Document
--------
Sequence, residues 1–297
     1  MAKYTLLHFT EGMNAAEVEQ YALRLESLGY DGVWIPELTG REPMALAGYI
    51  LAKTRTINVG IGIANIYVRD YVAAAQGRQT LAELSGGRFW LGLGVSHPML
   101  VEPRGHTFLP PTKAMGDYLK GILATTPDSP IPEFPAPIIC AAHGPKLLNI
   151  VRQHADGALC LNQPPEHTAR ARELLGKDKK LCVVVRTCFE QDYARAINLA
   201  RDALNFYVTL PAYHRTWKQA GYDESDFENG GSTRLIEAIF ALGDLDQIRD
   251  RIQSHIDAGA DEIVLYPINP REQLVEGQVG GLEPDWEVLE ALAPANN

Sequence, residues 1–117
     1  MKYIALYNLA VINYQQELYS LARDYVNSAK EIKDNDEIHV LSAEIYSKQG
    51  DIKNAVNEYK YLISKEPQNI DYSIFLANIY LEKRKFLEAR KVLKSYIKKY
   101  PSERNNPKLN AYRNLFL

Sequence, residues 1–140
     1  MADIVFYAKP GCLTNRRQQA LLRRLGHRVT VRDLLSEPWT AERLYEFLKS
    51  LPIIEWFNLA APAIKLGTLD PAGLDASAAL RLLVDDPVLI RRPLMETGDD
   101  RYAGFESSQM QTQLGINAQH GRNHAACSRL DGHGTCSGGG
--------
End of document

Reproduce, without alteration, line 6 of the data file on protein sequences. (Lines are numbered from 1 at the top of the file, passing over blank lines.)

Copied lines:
   201  RDALNFYVTL PAYHRTWKQA GYDESDFENG GSTRLIEAIF ALGDLDQIRD